Young people dancing together at a Milonga, Argentina
Young people dancing together at a milonga

In the evening, check online or ask your hotel concierge to recommend a milonga, where you can experience tango for yourself, on your Argentina vacation. Don’t worry. Nobody is judging your skills! The milonga is an Argentinean social tradition. Many in Buenos Aires welcome foreigners, including same-sex options (or as some would call it, real tango), and some will offer a class before the more experienced dancers turn up. You can arrive with a partner or alone, but in either case, be careful. Locking eyes across the room is considered an invitation to dance!

Sunday in the Park with Portenos

San Telmo is arguably Buenos Aires at its most romantic. Enjoy a leisurely Sunday breakfast, then set off through the enticing maze that is San Telmo Market. Every Sunday it takes over Dafensa and Plaza Dorrego, where you might catch some free tango. If you’ve had enough of antiques and curiosities, or just can’t get enough art, duck into Buenos Aires Museum of Modern Art on San Juan Avenue. Alternatively, wander El Zanjon, a lovingly restored remnant of the first Buenos Aires settlement, dating back to 1536.

From San Telmo, it’s an easy walk over the Rio Darsena Sur to Parque Micaela Bastidas, gateway to the Reservat Ecologica Costenara Sur. If you haven’t yet had lunch, tuck into a choripan (traditional Argentinean hot dog) and beer from a vendor in the park, then either walk or hire a bike to explore the reserve. This is where Portenos go when they want to escape the big city, so explore as much or as little as you like before heading back to town via Puerto Madero and the iconic Puente de la Mujer (or Woman’s Bridge).

Daytime view at the waterfront in Puerto Madero with the Puente de la Mujer, Buenos Aires, Argentina
Daytime view at the waterfront in Puerto Madero with the Puente de la Mujer

In the evening, you can take your pick of the nightlife districts, not the least of which is San Telmo itself. Or if you can understand Spanish, catch a dance performance, or ignore the language barrier, nothing is more Porteno than a night at the theatre, followed by a slice of local pizza. Avenida Corrientes is Argentina’s Broadway, where local creations play alongside translated big name musicals. Catching a show you know and love (and can follow) in the local language is a memorable night out on an Argentina vacation for any Globetrotting theatre buff!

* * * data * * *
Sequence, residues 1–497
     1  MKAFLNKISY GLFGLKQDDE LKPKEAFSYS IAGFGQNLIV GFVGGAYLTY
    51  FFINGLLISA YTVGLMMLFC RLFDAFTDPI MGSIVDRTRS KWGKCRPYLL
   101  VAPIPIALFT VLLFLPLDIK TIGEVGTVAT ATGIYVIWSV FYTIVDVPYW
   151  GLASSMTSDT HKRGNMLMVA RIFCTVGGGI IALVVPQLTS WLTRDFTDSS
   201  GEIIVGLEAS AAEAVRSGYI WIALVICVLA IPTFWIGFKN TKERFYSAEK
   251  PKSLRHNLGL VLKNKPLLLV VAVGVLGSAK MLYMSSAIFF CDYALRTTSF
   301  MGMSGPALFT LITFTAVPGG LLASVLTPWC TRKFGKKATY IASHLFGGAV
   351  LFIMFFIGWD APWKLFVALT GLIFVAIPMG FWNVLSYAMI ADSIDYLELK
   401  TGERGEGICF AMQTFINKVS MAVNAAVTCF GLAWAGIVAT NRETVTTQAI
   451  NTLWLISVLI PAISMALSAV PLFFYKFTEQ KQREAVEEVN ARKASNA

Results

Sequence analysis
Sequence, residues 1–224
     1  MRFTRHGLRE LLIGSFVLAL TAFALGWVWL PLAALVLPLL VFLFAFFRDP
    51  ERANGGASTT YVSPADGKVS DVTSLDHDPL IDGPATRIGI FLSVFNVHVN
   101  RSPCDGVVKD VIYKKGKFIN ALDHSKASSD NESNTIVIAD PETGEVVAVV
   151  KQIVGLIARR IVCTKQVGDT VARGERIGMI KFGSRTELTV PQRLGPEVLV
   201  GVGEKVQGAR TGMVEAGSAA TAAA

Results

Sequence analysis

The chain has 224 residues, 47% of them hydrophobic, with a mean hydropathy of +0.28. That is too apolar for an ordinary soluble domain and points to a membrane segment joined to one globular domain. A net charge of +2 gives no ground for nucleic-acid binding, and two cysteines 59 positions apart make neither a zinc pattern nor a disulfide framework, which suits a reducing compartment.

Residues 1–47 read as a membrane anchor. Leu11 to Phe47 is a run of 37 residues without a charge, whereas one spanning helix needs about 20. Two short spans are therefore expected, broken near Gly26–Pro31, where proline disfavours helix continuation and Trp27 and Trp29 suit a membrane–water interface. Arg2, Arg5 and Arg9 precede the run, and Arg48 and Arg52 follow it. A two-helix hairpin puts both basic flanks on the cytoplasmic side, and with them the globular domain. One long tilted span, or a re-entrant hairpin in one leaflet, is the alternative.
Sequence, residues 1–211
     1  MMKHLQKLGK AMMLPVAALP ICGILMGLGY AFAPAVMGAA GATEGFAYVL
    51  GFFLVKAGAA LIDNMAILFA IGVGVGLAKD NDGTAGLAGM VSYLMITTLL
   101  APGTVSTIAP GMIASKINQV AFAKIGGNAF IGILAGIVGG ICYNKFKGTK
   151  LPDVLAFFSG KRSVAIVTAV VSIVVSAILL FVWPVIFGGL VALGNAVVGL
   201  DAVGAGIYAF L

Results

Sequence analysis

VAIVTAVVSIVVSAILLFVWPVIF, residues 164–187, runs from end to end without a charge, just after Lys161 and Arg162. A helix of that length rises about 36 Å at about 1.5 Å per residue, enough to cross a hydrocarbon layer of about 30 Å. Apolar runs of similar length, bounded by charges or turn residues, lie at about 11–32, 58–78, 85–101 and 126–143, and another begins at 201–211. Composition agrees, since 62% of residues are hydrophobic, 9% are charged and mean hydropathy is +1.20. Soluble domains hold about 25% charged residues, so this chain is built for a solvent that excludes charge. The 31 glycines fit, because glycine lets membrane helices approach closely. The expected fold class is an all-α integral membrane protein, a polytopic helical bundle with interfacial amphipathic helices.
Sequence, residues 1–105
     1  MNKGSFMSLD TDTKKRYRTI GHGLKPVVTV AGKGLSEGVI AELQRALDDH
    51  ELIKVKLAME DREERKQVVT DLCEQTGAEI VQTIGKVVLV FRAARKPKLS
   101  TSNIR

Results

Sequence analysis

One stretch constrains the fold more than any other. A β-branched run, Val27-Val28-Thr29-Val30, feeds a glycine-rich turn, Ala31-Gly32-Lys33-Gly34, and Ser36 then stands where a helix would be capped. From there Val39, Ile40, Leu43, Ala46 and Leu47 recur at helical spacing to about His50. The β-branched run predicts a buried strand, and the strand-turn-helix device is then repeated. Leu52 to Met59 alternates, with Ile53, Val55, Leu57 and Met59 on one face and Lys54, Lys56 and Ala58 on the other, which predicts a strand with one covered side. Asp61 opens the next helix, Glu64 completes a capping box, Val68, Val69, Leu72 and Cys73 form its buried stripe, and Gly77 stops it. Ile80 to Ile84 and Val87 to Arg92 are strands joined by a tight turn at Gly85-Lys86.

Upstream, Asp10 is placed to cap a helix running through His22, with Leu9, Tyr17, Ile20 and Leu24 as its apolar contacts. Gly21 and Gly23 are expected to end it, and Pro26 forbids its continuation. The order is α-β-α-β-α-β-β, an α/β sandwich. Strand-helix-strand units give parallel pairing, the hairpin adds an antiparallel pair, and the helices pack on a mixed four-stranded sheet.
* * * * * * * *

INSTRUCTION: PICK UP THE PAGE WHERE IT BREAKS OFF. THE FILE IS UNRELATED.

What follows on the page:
Hip and Creative Palermo

Galileo Galilei Planetarium in Buenos Aires, Argentina
Galileo Galilei Planetarium in Buenos Aires

The vast Palermo and Retiro neighbourhoods are all about beautiful, sprawling parks, hip cafes, great art, and good living. Start with a morning walk through the Japanese Garden, the Passo El Rosedal, or through Plaza Sicilia, or opt for a bike ride to see more of the parks. Then dive into whichever interests you the most out of the Galileo Galilei Planetarium (for astronomy buffs), the Latin American Art Museum (Kahlo, Xul Solar, Dias and many more, plus visiting exhibitions), or the Museo Evita, for an in-depth look at Argentina’s great lady of politics, Eva Peron.

Break for lunch whenever you’d like, perhaps stretching these sights into the afternoon. The Latin American Art Museum, for example, doesn’t open till noon, so there’s no rush. After that, Palermo is all about exploring and people watching. Then spend your afternoon browsing hip local shops (without the too-hip-for-thou prices found in Recoleta), and small galleries showcasing fresh new talent.

Panoramic View of Plaza Serrano in Palermo Soho neighborhood in Buenos Aires, Argentina
Panoramic view of Plaza Serrano in Palermo Soho neighborhood in Buenos Aires

In the evening, return to the neighbourhood (or just don’t leave) for Buenos Aires’ best nightlife and bar hopping. You might even start this special evening on your Argentina vacation with a very special interactive dinner at The Argentine Experience, where you’ll pinch your own empanadas, assemble your own alfajores, and master the all-important skill of ordering your steak just right in “sexy Spanish.”